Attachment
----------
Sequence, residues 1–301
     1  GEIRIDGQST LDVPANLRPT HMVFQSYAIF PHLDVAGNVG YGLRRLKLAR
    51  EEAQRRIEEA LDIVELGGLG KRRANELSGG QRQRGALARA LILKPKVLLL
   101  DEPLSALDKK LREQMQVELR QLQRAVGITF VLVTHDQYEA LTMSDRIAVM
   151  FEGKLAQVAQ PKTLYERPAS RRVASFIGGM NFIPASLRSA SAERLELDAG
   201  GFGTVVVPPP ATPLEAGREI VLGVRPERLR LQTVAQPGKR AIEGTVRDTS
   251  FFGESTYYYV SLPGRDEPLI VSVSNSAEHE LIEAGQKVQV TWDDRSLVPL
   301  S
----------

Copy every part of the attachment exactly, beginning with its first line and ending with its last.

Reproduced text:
Sequence, residues 1–301
     1  GEIRIDGQST LDVPANLRPT HMVFQSYAIF PHLDVAGNVG YGLRRLKLAR
    51  EEAQRRIEEA LDIVELGGLG KRRANELSGG QRQRGALARA LILKPKVLLL
   101  DEPLSALDKK LREQMQVELR QLQRAVGITF VLVTHDQYEA LTMSDRIAVM
   151  FEGKLAQVAQ PKTLYERPAS RRVASFIGGM NFIPASLRSA SAERLELDAG
   201  GFGTVVVPPP ATPLEAGREI VLGVRPERLR LQTVAQPGKR AIEGTVRDTS
   251  FFGESTYYYV SLPGRDEPLI VSVSNSAEHE LIEAGQKVQV TWDDRSLVPL
   301  S